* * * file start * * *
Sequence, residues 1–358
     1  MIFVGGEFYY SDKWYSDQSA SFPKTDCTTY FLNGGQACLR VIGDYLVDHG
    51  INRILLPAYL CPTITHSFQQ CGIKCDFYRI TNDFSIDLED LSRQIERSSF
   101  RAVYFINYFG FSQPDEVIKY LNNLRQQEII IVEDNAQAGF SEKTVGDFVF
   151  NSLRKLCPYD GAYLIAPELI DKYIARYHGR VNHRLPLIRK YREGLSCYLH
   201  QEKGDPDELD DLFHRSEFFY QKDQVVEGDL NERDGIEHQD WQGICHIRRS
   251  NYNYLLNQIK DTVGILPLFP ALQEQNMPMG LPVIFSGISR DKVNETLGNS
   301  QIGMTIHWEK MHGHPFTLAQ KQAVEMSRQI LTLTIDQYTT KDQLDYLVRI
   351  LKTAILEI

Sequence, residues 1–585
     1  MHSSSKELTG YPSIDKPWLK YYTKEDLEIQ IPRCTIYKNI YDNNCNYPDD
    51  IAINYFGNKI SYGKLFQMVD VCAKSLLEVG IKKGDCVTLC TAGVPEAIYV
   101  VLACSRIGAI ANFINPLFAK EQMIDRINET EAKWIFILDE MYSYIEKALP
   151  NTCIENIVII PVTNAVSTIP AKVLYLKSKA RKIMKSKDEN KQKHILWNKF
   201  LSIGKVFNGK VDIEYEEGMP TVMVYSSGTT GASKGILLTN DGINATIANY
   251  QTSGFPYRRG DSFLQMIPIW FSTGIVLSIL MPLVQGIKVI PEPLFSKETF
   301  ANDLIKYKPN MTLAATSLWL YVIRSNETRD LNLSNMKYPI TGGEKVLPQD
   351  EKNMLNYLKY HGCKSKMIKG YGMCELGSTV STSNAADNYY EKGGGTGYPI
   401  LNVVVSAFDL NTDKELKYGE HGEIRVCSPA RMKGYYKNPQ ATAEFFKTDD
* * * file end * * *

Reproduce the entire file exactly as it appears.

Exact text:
Sequence, residues 1–358
     1  MIFVGGEFYY SDKWYSDQSA SFPKTDCTTY FLNGGQACLR VIGDYLVDHG
    51  INRILLPAYL CPTITHSFQQ CGIKCDFYRI TNDFSIDLED LSRQIERSSF
   101  RAVYFINYFG FSQPDEVIKY LNNLRQQEII IVEDNAQAGF SEKTVGDFVF
   151  NSLRKLCPYD GAYLIAPELI DKYIARYHGR VNHRLPLIRK YREGLSCYLH
   201  QEKGDPDELD DLFHRSEFFY QKDQVVEGDL NERDGIEHQD WQGICHIRRS
   251  NYNYLLNQIK DTVGILPLFP ALQEQNMPMG LPVIFSGISR DKVNETLGNS
   301  QIGMTIHWEK MHGHPFTLAQ KQAVEMSRQI LTLTIDQYTT KDQLDYLVRI
   351  LKTAILEI

Sequence, residues 1–585
     1  MHSSSKELTG YPSIDKPWLK YYTKEDLEIQ IPRCTIYKNI YDNNCNYPDD
    51  IAINYFGNKI SYGKLFQMVD VCAKSLLEVG IKKGDCVTLC TAGVPEAIYV
   101  VLACSRIGAI ANFINPLFAK EQMIDRINET EAKWIFILDE MYSYIEKALP
   151  NTCIENIVII PVTNAVSTIP AKVLYLKSKA RKIMKSKDEN KQKHILWNKF
   201  LSIGKVFNGK VDIEYEEGMP TVMVYSSGTT GASKGILLTN DGINATIANY
   251  QTSGFPYRRG DSFLQMIPIW FSTGIVLSIL MPLVQGIKVI PEPLFSKETF
   301  ANDLIKYKPN MTLAATSLWL YVIRSNETRD LNLSNMKYPI TGGEKVLPQD
   351  EKNMLNYLKY HGCKSKMIKG YGMCELGSTV STSNAADNYY EKGGGTGYPI
   401  LNVVVSAFDL NTDKELKYGE HGEIRVCSPA RMKGYYKNPQ ATAEFFKTDD